|Soldier, a hero to kids, seeks citizenship
LONGMONT — When Spc. Diego
Barros was a little kid, he preferred the History Channel
to Nickelodeon. He watched
old war movies instead of cartoons.
“He always wanted to be a soldier,” said
his mother, Siria Rector, a special education teacher
On Friday, the 22-year-old soldier
came to Columbine to meet the students who wrote letters
and sent care packages
during Barros’ tour of duty in Iraq.
Teacher Wendy Durst headed the writing campaign last year
when she was teaching fourth-graders. She continued it
this year when she switched to teaching third-graders.
About 40 students were on hand to meet the soldier they
had been writing to all year.
Durst said she wanted to show her colleague that the school
cared about her and her son.
“Siria is a friend of mine, and my dad is retired
from the military,” Durst said. “He would go
to sea for three months at a time, and so I know how important
it is to receive mail when someone is so far away.”
Barros, a 2000 graduate of Campion Academy in Loveland,
joined the Army three years ago. He had been stationed
in Germany before heading to Iraq in late April 2002. He
will return to Iraq in December 2005.
The students greeted Barros with
applause and waved small American flags. He said the
children’s letters gave
him great joy during his tour of duty.
“I’m not used to getting mail from kids, but
their questions were really cute, and I would pass them
around to everyone to read,” he said.
“It’s nice to get anything
in the mail. It was the highlight of my day.”
In their letters, which Barros
brought with him, the students asked important questions,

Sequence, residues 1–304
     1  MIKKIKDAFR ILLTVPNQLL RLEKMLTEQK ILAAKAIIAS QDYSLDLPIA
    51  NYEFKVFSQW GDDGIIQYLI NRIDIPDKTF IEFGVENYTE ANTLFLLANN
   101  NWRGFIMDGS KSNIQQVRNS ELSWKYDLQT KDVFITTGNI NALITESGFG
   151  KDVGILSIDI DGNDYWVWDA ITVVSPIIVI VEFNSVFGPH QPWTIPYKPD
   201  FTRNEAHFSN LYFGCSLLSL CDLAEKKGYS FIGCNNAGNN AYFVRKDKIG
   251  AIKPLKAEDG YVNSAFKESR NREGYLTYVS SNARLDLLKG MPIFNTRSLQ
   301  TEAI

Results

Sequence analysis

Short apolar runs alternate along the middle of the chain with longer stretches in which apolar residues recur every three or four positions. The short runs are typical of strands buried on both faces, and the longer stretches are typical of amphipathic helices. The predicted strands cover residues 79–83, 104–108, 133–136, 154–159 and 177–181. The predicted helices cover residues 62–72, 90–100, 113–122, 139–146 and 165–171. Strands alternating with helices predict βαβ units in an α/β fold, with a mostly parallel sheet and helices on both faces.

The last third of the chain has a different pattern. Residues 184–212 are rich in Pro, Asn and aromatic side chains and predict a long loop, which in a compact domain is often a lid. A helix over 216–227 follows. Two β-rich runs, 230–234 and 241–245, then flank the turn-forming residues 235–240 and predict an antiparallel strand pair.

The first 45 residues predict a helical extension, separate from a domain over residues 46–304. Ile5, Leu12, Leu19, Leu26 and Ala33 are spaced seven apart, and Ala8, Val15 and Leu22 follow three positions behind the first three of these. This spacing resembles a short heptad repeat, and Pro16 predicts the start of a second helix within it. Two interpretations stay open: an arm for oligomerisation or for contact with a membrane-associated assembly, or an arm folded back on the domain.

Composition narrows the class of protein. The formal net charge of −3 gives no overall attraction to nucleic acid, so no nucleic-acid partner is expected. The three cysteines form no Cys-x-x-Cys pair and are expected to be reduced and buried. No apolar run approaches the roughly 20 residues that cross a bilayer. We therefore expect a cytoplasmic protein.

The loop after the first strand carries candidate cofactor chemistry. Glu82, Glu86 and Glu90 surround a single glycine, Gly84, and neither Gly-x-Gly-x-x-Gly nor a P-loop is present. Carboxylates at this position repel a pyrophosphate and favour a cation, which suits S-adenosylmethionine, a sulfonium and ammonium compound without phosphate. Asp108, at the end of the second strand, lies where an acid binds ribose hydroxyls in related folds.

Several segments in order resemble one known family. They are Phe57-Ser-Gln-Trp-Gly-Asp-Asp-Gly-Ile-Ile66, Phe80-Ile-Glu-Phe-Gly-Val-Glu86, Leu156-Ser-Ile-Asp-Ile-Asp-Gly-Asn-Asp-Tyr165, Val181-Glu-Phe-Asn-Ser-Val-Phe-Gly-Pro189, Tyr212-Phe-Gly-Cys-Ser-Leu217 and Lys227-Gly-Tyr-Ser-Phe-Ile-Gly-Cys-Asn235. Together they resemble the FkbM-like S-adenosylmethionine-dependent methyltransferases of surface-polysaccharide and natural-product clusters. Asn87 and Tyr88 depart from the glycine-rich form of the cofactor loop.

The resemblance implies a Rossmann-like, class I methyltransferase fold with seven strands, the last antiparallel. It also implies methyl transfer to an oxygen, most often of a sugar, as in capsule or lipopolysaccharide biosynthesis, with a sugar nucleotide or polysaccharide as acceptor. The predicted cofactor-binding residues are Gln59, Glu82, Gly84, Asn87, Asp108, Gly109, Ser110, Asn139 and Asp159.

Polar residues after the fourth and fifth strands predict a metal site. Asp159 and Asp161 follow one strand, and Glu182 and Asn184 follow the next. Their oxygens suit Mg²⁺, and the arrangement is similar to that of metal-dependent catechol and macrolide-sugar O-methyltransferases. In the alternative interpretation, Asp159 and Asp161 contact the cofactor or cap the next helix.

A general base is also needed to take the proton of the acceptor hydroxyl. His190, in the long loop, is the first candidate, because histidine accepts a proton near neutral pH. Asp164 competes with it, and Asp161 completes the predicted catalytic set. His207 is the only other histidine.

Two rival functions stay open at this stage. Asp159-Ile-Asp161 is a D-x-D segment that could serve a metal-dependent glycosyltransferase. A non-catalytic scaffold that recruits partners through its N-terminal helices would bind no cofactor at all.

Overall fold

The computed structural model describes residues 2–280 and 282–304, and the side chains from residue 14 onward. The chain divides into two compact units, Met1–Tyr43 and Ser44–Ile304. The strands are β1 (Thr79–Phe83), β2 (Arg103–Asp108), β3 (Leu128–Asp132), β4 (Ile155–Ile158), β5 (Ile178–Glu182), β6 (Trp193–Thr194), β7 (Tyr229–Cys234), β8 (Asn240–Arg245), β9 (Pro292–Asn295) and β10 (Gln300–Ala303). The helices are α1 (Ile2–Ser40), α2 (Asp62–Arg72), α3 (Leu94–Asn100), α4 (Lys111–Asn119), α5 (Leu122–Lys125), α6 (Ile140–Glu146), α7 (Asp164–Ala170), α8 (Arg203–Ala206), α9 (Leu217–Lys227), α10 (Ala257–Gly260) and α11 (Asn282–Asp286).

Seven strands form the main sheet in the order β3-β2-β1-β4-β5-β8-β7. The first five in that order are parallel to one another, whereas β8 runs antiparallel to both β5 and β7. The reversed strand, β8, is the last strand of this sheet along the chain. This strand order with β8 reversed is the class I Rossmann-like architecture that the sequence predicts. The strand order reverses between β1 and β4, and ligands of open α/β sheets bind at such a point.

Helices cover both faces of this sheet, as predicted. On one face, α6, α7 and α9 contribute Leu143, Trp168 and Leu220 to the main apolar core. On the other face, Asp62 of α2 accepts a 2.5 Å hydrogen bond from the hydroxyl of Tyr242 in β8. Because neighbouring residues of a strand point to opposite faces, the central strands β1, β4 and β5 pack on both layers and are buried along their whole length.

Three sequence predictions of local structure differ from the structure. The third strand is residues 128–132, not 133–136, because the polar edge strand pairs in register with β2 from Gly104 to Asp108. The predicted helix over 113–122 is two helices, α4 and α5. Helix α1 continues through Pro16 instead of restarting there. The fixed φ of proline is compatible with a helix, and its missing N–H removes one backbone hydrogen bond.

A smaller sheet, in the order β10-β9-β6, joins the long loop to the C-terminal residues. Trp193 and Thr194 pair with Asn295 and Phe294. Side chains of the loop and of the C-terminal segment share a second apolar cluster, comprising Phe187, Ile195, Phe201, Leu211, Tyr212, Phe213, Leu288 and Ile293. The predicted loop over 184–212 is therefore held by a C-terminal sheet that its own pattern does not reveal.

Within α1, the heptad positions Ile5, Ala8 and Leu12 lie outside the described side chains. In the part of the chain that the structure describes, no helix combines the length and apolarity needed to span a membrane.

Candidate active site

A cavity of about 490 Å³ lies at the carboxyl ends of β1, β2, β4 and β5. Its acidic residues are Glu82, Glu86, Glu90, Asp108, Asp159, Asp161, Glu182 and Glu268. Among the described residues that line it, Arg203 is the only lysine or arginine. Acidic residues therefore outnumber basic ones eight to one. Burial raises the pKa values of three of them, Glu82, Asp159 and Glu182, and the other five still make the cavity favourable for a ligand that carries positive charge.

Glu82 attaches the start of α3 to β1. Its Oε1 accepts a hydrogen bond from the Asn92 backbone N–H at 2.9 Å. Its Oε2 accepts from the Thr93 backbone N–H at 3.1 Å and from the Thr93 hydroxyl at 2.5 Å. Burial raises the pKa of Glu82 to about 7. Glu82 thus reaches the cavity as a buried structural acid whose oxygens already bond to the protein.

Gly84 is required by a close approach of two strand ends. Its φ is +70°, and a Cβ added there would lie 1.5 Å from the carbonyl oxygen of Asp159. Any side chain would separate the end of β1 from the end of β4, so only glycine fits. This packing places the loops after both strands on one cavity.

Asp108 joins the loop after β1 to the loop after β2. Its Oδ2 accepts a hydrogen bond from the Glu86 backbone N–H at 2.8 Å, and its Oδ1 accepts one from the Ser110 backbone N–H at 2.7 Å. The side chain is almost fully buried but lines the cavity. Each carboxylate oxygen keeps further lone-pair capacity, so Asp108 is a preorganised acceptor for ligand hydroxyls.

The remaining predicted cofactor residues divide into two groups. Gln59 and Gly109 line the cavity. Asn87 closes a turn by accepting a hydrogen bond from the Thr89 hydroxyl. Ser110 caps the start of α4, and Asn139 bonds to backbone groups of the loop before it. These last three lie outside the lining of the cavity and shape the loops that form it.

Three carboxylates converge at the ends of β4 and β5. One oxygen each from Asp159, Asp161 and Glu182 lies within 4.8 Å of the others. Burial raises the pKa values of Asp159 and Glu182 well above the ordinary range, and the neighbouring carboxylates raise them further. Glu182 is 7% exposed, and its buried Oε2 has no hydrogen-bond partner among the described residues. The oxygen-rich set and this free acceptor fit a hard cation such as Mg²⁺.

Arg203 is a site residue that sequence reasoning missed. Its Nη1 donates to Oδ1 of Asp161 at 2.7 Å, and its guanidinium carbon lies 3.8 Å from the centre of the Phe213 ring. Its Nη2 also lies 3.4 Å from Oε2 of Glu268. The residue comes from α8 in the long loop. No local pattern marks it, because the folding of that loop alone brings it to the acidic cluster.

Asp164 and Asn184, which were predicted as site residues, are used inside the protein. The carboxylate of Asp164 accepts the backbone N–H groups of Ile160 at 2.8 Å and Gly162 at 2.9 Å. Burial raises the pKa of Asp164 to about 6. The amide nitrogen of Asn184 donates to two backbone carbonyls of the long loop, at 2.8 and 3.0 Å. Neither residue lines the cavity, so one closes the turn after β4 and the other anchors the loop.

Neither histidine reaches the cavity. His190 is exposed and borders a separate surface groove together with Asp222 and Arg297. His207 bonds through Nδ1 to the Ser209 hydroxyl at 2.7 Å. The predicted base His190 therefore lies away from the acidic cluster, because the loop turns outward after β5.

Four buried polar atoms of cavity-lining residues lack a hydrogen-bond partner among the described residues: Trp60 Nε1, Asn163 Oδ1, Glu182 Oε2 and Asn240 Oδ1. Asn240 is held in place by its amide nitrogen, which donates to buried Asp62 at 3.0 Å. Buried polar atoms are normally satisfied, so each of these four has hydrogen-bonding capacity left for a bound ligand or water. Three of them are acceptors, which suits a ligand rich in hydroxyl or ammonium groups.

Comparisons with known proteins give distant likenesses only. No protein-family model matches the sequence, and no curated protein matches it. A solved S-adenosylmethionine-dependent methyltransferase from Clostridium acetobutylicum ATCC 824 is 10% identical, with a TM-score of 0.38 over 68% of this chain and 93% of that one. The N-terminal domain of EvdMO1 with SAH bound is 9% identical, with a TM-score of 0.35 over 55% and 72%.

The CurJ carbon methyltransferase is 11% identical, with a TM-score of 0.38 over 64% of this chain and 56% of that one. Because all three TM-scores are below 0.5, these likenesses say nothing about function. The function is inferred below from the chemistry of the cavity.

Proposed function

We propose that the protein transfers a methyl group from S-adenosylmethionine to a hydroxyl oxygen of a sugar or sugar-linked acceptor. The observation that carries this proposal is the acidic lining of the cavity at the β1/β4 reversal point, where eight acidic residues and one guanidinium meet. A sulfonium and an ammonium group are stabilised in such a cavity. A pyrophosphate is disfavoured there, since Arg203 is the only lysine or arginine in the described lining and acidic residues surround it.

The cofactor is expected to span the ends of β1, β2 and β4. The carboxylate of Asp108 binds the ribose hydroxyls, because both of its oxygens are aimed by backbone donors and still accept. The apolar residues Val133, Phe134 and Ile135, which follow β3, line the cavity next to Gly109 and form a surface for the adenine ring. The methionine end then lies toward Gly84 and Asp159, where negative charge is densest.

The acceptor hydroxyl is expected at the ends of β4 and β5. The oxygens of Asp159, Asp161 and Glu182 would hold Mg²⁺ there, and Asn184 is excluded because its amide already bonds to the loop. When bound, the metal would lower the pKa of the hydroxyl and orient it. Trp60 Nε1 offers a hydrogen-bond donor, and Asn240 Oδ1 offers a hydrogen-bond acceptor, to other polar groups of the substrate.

such as “Where
do you go the bathroom during a war?” and “Did
you lose all of your baby teeth?”
In person, their questions were no less curious.
“Do you speak Germany?” asked
third-grader Jessica Perez.
“No, I don’t, but I do know some words,” Barros
The students asked Barros questions
about the Iraqi people and culture (“They have Subway, too,” he told
them), the tank he drove, the uniform he was wearing and “why
are the people on TV trying to tear down a statue.”
Fifth-grader Jerome Melson IV said he was glad to write
“I wanted to thank him for helping to keep our country
safe,” he said.
Rector said the letters were comforting to both her and
“I would get so worrisome,” she said, “but
I think (the letters) let him know that people were thinking
of him, and it helped to get his mind away from what was
Later, Barros said of the Columbine
hope they understand how fortunate they are. Especially
in Iraq, the children have so little, and it’s so
sad. I know they’re too young to realize it, but
these children have possibilities and a future.”
As for Barros’ future, he
said he would like to become a high school history teacher.
And this week, he
will fly to Washington, D.C., to interview to become a
naturalized U.S. citizen.
Born in Brazil, Barros came to
the United States with his mother when he was 9. After
obtaining his green card,
he was able to join the military. Now, he is one step away
from U.S. citizenship. But, he said, “To me, I am
an American already.”
Melanie M. Sidwell can be reached at 303-776-2244, Ext.
274, or by e-mail at firstname.lastname@example.org.